www.sirbacon.org/ stmcover.htm

About the author (2004)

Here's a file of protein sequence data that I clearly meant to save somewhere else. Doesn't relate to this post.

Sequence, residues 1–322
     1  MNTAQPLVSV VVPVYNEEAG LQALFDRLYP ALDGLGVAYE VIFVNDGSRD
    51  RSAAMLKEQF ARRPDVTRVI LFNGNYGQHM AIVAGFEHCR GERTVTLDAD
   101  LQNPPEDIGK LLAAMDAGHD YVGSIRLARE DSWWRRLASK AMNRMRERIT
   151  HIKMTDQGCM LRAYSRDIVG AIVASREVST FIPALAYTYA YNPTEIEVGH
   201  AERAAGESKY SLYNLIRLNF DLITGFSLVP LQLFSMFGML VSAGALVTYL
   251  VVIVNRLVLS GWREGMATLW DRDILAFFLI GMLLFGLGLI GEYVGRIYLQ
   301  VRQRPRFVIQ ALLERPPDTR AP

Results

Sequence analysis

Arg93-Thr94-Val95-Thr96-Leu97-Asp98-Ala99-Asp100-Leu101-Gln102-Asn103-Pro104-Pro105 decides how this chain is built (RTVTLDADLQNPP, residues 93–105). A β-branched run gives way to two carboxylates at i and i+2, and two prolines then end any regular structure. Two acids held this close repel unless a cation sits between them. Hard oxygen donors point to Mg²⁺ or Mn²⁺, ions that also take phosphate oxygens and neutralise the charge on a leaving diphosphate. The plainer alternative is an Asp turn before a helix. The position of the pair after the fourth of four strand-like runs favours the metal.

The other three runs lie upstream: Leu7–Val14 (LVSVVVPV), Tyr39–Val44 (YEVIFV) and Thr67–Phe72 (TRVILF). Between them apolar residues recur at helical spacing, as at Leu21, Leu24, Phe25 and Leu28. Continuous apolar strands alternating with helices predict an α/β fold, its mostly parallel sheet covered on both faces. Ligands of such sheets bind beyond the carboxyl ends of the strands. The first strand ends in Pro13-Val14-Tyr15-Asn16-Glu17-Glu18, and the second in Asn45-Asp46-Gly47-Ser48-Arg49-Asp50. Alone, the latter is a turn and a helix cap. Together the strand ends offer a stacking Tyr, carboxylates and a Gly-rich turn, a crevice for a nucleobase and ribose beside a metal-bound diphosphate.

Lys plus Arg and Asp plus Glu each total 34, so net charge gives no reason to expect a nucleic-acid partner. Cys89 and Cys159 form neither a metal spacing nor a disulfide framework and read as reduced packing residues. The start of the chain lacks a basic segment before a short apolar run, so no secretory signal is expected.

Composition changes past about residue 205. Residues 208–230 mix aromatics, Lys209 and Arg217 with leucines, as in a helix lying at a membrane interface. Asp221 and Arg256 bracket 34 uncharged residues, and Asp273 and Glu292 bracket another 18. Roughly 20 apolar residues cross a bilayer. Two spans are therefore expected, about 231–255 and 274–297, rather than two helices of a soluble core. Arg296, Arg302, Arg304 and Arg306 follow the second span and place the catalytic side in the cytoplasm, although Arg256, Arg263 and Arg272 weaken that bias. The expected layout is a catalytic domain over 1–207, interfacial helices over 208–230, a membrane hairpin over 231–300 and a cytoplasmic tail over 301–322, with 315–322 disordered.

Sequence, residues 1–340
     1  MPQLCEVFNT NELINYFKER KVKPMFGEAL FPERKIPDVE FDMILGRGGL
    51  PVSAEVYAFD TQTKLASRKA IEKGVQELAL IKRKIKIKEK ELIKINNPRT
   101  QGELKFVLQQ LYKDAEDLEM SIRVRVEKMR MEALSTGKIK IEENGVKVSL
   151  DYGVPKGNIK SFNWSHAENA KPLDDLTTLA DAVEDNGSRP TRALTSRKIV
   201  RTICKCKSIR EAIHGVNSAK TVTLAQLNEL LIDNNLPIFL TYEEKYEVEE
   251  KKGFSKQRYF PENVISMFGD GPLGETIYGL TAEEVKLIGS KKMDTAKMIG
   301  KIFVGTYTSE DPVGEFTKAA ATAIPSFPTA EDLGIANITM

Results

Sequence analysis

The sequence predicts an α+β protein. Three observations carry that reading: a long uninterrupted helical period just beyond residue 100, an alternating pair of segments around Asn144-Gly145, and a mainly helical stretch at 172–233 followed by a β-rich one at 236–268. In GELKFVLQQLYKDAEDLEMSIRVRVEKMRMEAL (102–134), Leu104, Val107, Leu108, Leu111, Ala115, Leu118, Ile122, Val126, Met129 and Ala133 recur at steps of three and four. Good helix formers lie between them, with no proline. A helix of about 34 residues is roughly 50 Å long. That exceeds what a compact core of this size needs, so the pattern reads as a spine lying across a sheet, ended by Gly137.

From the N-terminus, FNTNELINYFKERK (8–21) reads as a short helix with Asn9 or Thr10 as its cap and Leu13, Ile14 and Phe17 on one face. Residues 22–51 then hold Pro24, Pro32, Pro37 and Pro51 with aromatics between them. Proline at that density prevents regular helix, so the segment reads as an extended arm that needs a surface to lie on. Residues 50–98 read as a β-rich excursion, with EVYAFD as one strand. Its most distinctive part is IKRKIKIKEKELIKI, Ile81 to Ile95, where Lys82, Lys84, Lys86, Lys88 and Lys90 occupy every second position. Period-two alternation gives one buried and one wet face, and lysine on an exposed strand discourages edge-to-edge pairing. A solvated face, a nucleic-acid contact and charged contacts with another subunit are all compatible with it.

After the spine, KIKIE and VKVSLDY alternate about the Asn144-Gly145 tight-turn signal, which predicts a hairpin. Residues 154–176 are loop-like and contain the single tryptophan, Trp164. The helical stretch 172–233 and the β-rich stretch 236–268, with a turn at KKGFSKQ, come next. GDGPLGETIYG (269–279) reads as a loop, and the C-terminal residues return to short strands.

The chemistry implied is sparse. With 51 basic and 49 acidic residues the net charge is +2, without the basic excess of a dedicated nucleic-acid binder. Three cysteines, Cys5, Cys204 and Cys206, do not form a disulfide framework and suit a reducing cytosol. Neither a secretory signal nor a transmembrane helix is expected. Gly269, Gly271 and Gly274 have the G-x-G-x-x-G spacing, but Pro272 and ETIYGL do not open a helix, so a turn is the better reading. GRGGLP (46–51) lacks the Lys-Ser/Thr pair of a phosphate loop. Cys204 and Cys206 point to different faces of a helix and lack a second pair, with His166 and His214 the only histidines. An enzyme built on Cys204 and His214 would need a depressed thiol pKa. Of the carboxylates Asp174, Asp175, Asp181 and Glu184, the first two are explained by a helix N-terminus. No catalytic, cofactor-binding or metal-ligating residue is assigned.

William Shakespeare, 1564 - 1616 Although there are many myths and mysteries surrounding William Shakespeare, a great deal is actually known about his life. He was born in Stratford-Upon-Avon, son of John Shakespeare, a prosperous merchant and local politician and Mary Arden, who had the wealth to send their oldest son to Stratford Grammar School. At 18, Shakespeare married Anne Hathaway, the 27-year-old daughter of a local farmer, and they had their first daughter six months later. He probably developed an interest in theatre by watching plays performed by traveling players in Stratford while still in his youth. Some time before 1592, he left his family to take up residence in London, where he began acting and writing plays and poetry. By 1594 Shakespeare had become a member and part owner of an acting company called The Lord Chamberlain's Men, where he soon became the company's principal playwright. His plays enjoyed great popularity and high critical acclaim in the newly built Globe Theatre. It was through his popularity that the troupe gained the attention of the new king, James I, who appointed them the King's Players in 1603. Before retiring to Stratford in 1613, after the Globe burned down, he wrote more than three dozen plays (that we are sure of) and more than 150 sonnets. He was celebrated by Ben Jonson, one of the leading playwrights of the day, as a writer who would be "not for an age, but for all time," a prediction that has proved to be true. Today, Shakespeare towers over all other English writers and has few rivals in any language. His genius and creativity continue to astound scholars, and his plays continue to delight audiences. Many have served as the basis for operas, ballets, musical compositions, and films. While Jonson and other writers labored over their plays, Shakespeare seems to have had the ability to turn out work of exceptionally high caliber at an amazing speed. At the height of his career, he wrote an average of two plays a year as well as dozens of poems, songs, and possibly even verses for tombstones and heraldic shields, all while he continued to act in the plays performed by the Lord Chamberlain's Men. This staggering output is even more impressive when one considers its variety. Except for the English history plays, he never wrote the same kind of play twice. He seems to have had a good deal of fun in trying his hand at every kind of play. Shakespeare wrote 154 sonnets, all published on 1609, most of which were dedicated to his patron Henry Wriothsley, The Earl of Southhampton. He also wrote 13 comedies, 13 histories, 6 tragedies, and 4 tragecomedies. He died at Stratford-upon-Avon April 23, 1616, and was buried two days later on the grounds of Holy Trinity Church in Stratford. His cause of death was unknown, but it is surmised that he knew he was dying.